To further protect herself, the attorney of record should dedicate a specific credit card to use in paying eFiling fees.  By establishing a credit card solely for this purpose, it will be very easy to spot whether there is any inappropriate activity on the account.  The only charges that should ever appear on attorney of record’s billing statement are filing fees payable to OJD.
  • Provide proper supervision.  Regardless of how duties are divided, the real responsibility here still falls on the attorney of record.  This scenario presumes that the eFiling lawyer buddy’s role is to act only as a technical specialist.  The attorney of record must be sure at all times that eFiling lawyer buddy is doing his job.  The eFiling lawyer buddy is not responsible for the content or accuracy of documents filed; nor is it eFiling lawyer buddy’s responsibility to monitor filing deadlines.
  • Be aware of ethics traps in determining compensation. The attorney of record can cover the cost of using the eFiling lawyer buddy out of his own pocket as a cost of doing business.  If the attorney of record intends to bill clients for eFiling lawyer buddy’s services, the clients must consent.  The attorney of record should update his client fee agreements accordingly.  (Beware the limitations of modifying a fee agreement midstream – see OSB Formal Opinion 2005-97.)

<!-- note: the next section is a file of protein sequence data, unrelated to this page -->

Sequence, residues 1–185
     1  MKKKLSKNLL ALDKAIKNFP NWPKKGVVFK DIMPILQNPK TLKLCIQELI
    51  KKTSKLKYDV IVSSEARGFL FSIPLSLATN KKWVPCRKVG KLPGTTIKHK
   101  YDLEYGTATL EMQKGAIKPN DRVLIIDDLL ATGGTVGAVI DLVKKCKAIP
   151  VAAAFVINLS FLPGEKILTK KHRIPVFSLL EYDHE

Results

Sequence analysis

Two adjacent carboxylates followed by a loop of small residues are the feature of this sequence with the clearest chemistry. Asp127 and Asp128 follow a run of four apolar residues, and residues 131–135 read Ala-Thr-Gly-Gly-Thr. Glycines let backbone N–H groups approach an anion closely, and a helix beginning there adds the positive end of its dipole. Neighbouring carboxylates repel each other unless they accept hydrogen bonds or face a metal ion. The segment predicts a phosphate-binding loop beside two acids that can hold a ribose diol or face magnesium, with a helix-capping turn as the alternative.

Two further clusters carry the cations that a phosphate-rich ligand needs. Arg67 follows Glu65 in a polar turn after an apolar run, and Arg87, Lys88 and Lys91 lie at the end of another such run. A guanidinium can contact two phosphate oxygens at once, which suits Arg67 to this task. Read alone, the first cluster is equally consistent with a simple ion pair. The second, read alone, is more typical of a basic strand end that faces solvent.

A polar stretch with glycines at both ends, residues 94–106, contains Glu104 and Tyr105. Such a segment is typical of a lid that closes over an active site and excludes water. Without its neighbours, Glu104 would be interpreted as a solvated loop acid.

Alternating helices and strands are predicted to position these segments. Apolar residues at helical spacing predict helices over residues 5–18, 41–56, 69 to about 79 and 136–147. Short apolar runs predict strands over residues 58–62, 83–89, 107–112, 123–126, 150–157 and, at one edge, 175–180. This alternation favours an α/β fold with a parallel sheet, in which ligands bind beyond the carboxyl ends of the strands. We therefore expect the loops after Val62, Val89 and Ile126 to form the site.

Alternatively, the attorney of record could also barter services in exchange, but should check in with OSB General Counsel about the ethics of such an arrangement.
    If the attorney of record plans to split her fees with the eFiling lawyer buddy, she must comply with the Oregon RPCs requiring disclosure and consent of the fee split to the client.

[All Rights Reserved – 2015 – Beverly Michaelis]

Crowdfunding Your Law Practice

crowdCrowdfunding is the practice of funding a project or venture by raising monetary contributions from a large number of people, typically via the Internet.

The crowdfunding model is fueled by three types of actors: the project initiator who proposes the idea and/or project to be funded; individuals or groups who support the idea; and a moderating organization (the “platform”) that brings the parties together to launch the idea.

In 2013, the crowdfunding industry grew to be over $5.1 billion worldwide.
Source: Wikipedia.

Crowdfunding for Lawyers

Potentially, lawyers could use crowdfunding at any time – to jumpstart a law practice, expand a law practice, or bridge the gap during a downturn in business.

As you might expect, crowdfunding is most successful when used to promote a cause or new product idea rather than a service.  But it could work for lawyers if donors find the practice area and marketing pitch appealing.

The Ethics of it All

Before we get too excited about this idea, we need to do a gut check.  Simply put: is crowdfunding ethical?

A quick Internet search produces a list of posts and articles on the subject.  Here are a few: